I hailed a cab and the moment Ezra saw that we’re taking the taxi home, he started to cry, “My tummy hurts!!!” And so every time we are in a cab, he bawls and then lets me “hold his tummy” all throughout the ride. That’s the only way to make him feel better. FYI, holding his tummy means putting my hand over his tummy like a security blanket. This is not the first time he did this. This actually started when he was close to 3 years old. I always thought he just suddenly became aware that he gets carsick. The weird thing about it is, if we are on our own car or family’s car, he’s cool with it. So my next assumption is, maybe he just doesn’t like the smell of the taxi (Most of them use strong car scents).
A few months back, Ezra started having an upset stomach when it’s bedtime. He usually says he’s hungry, which is quite impossible because bedtime is just about an hour after dinner. One time during the first few nights of his bedtime stomachache saga, I gave in and got him some porridge. He ate and after about 40 minutes when I said it’s time to sleep, he said his stomach hurts again. Being a toddler mom, I figured this is just one of those toddler dramas to get what they want. In this case, he doesn’t want to sleep yet. So I was like, HA! YOU CAN’T WIN THIS, CHAMP. MOMMY KNOWS WHAT YOU’RE DOING.
This went on for about 2 weeks (FYI, his stomachache doesn’t happen every night. It also goes away when I hug him tight. I also auscultated, etc his abdomen to check) before I finally said, “Okay, we’ll go to the doctor tomorrow.” Surprisingly, he said OK! So in my mind I was like, OHMYGOD! HE REALLY DOES HAVE A STOMACHACHE! I’M SUCH A BAD PARENT!
Morning came and we went to the pediatrician right after breakfast (and shower, of course). The doctor did tests and thorough assessment and thankfully, nothing abnormal or alarming was found. The doctor said everything’s fine so it’s either my assumption on toddler drama is right or Ezra is anxious about something.
Anxious about something? I kept on thinking about this when we left the doctor’s office.
Millenial as I am, I googled the relation between anxiety and stomachache. — Yes, my nursing degree suddenly became a bygone and everything I learned just petered out. And yes, motherhood does this so give me a break. Hahaha!!! (Reasons, reasons 🤪)
So here’s what I found:
Researchers have identified a powerful connection between the gut and the brain. Like the brain, the gut is full of nerves. It contains the largest area of nerves outside the brain with the digestive tract and the brain sharing many of the same nerve connections. ~Goodman (https://adaa.org/)
The stomach and intestine have their own nervous system, called the enteric nervous system. These nerves respond to the same stress hormones and neurotransmitters that our brains do. ~Dr.Cherry (https://www.rchsd.org/)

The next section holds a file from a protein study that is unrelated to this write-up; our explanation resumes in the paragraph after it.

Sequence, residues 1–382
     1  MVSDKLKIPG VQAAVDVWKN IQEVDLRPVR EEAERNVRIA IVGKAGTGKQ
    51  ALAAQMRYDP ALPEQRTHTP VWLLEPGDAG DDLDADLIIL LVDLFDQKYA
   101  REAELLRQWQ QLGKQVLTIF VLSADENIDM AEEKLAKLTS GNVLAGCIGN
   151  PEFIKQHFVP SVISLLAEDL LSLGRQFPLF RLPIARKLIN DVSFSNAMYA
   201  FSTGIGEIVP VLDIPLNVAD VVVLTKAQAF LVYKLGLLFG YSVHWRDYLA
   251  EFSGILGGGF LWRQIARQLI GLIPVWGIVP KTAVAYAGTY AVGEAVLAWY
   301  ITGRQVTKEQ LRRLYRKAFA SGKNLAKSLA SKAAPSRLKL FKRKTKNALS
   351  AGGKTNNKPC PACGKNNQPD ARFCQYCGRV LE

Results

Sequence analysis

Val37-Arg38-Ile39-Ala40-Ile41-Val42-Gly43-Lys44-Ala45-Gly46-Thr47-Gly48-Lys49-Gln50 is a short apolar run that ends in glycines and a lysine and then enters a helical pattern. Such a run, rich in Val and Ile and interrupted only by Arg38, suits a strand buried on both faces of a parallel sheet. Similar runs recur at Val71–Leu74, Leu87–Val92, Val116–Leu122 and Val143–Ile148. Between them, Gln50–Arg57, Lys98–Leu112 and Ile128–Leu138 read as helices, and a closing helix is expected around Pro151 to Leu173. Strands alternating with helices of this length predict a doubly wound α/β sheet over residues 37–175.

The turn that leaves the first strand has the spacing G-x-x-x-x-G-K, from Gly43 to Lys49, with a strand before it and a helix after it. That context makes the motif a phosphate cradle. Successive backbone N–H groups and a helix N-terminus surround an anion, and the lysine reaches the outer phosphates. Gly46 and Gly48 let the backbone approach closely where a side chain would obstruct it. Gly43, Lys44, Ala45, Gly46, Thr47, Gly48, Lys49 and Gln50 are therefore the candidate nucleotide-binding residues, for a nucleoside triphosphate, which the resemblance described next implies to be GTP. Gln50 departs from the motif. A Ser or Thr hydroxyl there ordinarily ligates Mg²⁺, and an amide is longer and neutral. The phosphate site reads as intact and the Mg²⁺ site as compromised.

It suddenly makes a lot of sense. Notice when you are anxious or stressed about something — say, an exam, an oral recitation, a wait on medical results, or even on talking to your crush — you feel something weird on your gut? It’s either you’re sick to your stomach, you’re having “butterflies in your tummy”, or you’re simply having a “weird stomach”. That’s what Ezra has been feeling. That’s the “anxious or stressed stomach”. Unfamiliar cars make him uncomfortable, and bedtime became stressful to him when we changed our routine.
So what do we do when our children has an anxious stomach? We calm it down. Look for ways to alleviate this feeling while you try to eliminate the stressor. But in cases wherein the stressor is impossible to eliminate, for example taking a cab (Sometimes we really have to take a cab because not all of Manila has jeepneys or trains, plus we have coding here), make sure you do something to pacify your child’s anxious state. Just like adults, they need something to calm them during stressful situations. The big difference is, they are not so composed like us yet and oftentimes, they can’t even tell where those strange sensations come from. They’re children. They need us to be there.
I know a lot of toddler moms or “veteran moms” can relate to “children’s dramas”. We experience it a lot that we actually know or easily suspect that they’re playing us. So non-moms, don’t judge us, okay? However, anxiety is real, and this is something we, moms, often forget because of all the “drama” they make. I tell you, guys, motherhood and/or parenting is the real rollercoaster — not boyfriend-girlfriend love. LOL! Seriously though, despite the toddler dramas, I know better now. So fellow mommas, always listen to your children and do not easily dismiss it as “drama”. As what our nursing professors used to reiterate, pain is real — drama or non-drama, medical professionals need to treat every pain that patients say they have as real. After all, it is not us who are having that experience, right? So who are we to judge?
I hope you learned from my experience. More power, more energy, more patience, and more love to all momshies out there! We can do this!
PS. Please don’t self-diagnose that your child’s stomachache is just a state of anxiety. Never forget that you have a doctor. Talk to him/her. It’s always better to have a professional check what’s up. Hopefully it’s nothing serious.4